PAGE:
- "Eternal, Slithery Penance":Graham Swift's Waterland and the Secularization of Confession
"Your history teacher wishes to give you the complete and final version," the narrator of Graham Swift's Waterland, Tom Crick, tells his high school students (7–8). Crick refers to his personal and family history, his account of which constitutes the novel. Crick's avowed aim echoes auricular confession, which requires the complete recounting of a penitent's sins before he or she receives absolution. Like a religious confessant, Crick seeks absolution for past sins: he feels guilty about the abortion of his would-be son, the death of his childhood friend Freddie Parr, and the suicide of his brother. Indeed, Crick reveals his guilt over these deaths to the police: "I confess my responsibility, jointly with my wife, for the death of three people" (314).1 However, because he speaks to his students, to the police, and (implicitly) to the reader rather than to a father confessor with the purpose and authority to offer him absolution, Crick's secular self-examination and self-narration threaten to be endless. In a desperate and improvisational response to that problem, Crick universalizes his condition over the course of his narrative to assuage his feelings of guilt and bring his secular confession to a close. Crick's narrative should be read in the context of—and as a response to the problems posed by—the secularization of confession.
As I use the term here, "secularization" stands not for an inevitable decline of religious affiliation due to modernization (a once-prominent thesis that has undergone revision in sociology), but for an interminable historical [End Page 56] process by which religious concepts and practices are translated or transposed into the secular sphere and by which they continue to function in that sphere, often with unexpected consequences.2 Carl Schmitt and Karl Löwith provide examples of secularization understood as transposition: Schmitt claims that "all significant concepts of the modern theory of the state are secularized theological concepts" (37), and Löwith argues that the modern notion of progress and the associated conception of linear history are due to the secularization of Christian eschatology. As I use it here, secularization encompasses the kind of transposition proposed by Schmitt and Löwith, along with the continuing and unpredictable dynamism of once-religious contents following that transposition. Max Weber's analysis may provide an example of the latter: for Weber, the transposition of rational acquisitiveness from Protestantism (wherein wealth provides evidence of election) to modern capitalism (wherein wealth is an end in itself) conditions the modern laborer and makes the current economic order possible—which, of course, is not at all what Martin Luther or John Calvin had in mind.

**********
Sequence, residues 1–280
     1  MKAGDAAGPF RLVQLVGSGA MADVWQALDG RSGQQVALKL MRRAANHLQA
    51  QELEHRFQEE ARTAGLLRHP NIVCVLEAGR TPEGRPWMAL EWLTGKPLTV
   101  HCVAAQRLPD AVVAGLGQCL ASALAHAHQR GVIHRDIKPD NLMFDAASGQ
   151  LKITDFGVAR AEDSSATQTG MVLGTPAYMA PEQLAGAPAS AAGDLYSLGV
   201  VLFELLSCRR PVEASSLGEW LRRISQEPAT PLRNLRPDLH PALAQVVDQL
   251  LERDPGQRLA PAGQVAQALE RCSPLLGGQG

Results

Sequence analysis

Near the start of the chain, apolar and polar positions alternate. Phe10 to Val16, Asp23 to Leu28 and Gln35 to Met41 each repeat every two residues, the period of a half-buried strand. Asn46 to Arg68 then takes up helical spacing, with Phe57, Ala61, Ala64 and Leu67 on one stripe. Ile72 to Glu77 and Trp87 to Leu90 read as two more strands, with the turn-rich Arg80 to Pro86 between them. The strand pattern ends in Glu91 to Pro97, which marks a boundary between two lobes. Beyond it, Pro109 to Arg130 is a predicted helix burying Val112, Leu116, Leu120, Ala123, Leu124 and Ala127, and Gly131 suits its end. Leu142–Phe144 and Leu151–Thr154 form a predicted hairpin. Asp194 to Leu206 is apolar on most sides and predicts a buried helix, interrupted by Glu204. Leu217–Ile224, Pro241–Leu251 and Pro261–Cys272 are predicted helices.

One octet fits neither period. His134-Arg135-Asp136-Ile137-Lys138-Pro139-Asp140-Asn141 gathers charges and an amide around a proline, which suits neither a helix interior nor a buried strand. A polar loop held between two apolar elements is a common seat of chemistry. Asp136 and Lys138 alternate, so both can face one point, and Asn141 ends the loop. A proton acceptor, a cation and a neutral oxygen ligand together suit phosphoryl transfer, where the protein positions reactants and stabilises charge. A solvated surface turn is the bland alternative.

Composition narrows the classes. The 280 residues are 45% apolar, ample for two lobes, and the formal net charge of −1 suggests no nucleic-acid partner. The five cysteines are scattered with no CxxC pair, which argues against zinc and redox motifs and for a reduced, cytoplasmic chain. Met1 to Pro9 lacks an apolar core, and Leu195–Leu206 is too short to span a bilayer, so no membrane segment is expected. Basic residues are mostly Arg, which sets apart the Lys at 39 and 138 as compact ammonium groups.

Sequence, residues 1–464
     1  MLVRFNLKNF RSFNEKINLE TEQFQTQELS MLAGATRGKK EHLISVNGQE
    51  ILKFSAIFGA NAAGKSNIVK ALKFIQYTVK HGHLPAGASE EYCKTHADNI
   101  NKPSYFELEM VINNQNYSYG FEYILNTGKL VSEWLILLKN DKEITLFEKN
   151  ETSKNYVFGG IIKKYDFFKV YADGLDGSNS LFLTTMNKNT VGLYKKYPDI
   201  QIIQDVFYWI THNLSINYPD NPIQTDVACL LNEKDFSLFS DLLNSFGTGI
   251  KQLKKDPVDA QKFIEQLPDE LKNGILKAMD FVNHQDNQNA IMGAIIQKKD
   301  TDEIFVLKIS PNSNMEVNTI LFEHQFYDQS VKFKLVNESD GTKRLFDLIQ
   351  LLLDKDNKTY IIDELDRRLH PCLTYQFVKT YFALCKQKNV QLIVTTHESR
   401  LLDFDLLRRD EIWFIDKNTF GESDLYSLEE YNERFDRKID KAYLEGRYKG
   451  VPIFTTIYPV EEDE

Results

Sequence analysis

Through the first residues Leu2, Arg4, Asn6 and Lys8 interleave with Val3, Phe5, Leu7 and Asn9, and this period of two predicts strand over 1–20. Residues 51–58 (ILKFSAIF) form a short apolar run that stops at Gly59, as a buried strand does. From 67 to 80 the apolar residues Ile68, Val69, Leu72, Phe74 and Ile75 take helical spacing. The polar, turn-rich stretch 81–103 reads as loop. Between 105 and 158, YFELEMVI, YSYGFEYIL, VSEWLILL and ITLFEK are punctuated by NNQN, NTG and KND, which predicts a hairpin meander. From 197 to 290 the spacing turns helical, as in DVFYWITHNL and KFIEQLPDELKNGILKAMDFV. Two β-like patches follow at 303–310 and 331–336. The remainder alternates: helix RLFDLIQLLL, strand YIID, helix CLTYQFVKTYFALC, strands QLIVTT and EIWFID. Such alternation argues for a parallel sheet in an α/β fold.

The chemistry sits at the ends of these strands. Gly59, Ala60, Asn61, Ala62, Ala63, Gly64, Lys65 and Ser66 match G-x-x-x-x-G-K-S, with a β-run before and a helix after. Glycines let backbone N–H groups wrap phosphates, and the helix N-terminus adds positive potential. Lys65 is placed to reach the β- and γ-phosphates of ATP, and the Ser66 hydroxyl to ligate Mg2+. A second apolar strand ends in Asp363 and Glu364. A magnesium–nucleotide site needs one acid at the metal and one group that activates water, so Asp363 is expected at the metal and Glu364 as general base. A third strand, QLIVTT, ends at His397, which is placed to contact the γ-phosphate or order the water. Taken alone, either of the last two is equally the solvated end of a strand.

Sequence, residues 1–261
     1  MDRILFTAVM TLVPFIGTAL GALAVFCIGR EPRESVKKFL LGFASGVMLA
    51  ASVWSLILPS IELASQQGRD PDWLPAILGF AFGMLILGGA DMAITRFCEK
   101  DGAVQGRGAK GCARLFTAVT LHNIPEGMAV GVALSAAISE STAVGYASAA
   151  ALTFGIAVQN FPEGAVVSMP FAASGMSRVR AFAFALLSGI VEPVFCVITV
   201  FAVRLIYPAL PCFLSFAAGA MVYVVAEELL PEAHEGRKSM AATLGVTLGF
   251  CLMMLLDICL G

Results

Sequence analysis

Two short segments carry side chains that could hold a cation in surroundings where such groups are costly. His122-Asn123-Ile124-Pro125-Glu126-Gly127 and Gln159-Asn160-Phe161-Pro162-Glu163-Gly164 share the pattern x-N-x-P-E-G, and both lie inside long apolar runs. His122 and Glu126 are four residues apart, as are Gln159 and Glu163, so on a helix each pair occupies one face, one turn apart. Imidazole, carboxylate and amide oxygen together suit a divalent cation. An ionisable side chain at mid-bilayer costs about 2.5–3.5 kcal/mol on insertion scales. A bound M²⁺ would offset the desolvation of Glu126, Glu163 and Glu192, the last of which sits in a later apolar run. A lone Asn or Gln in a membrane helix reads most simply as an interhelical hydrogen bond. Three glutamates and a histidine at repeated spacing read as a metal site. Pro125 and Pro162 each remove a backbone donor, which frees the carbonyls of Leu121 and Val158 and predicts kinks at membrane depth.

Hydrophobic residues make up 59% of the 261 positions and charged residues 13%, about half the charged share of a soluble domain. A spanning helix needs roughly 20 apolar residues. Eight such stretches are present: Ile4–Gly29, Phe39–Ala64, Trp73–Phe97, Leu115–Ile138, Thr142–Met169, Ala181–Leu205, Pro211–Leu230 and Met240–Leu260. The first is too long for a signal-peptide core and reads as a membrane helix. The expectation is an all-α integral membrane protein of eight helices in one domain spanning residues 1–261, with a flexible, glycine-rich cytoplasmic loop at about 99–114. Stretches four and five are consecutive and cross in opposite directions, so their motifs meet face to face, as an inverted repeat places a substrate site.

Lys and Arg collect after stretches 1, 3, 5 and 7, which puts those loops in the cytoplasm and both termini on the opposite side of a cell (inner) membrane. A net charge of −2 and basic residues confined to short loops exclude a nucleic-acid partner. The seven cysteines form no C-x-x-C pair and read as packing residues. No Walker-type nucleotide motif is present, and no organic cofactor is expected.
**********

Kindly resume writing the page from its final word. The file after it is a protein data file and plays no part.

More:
Waterland's Tom Crick demonstrates the transposition of religious contents into the secular sphere, but his narrative also suggests that Weber's rationalization may reverse itself, that disenchantment may prompt re-enchantment. Crick transposes auricular confession into the relationship between himself and his students, but he then appeals to an enchanted circular history as a means to escape the psychological impasse produced by that transposition. Crick critiques progress and prefers cyclical history. Like Löwith, who opts for circular history because it comports with the notion of historical continuity (207), Crick desires historical continuity—especially regarding sexual generation, which in his case has been stymied. (His wife, Mary, is unable to bear children following an abortion.) More importantly, Crick prefers a re-enchanted form of that history—re-enchanted not by a return to ancient Greek paganism, as Löwith ultimately proposes, but through an idiosyncratic mythology of Crick's own making—because it assuages his sense of guilt by relating his individual experience to a universal pattern. Waterland thus illuminates a psychological dimension of Löwith's preferred alternative to linear history: for a subject suffering from a guilty conscience, circular history transforms personal guilt into a universal condition that is less psychologically burdensome due to its impersonality. [End Page 57]
Before we examine Crick's narrative in more detail, however, we should address an important objection to the basic premise that secularization entails the transposition of religious concepts and practices...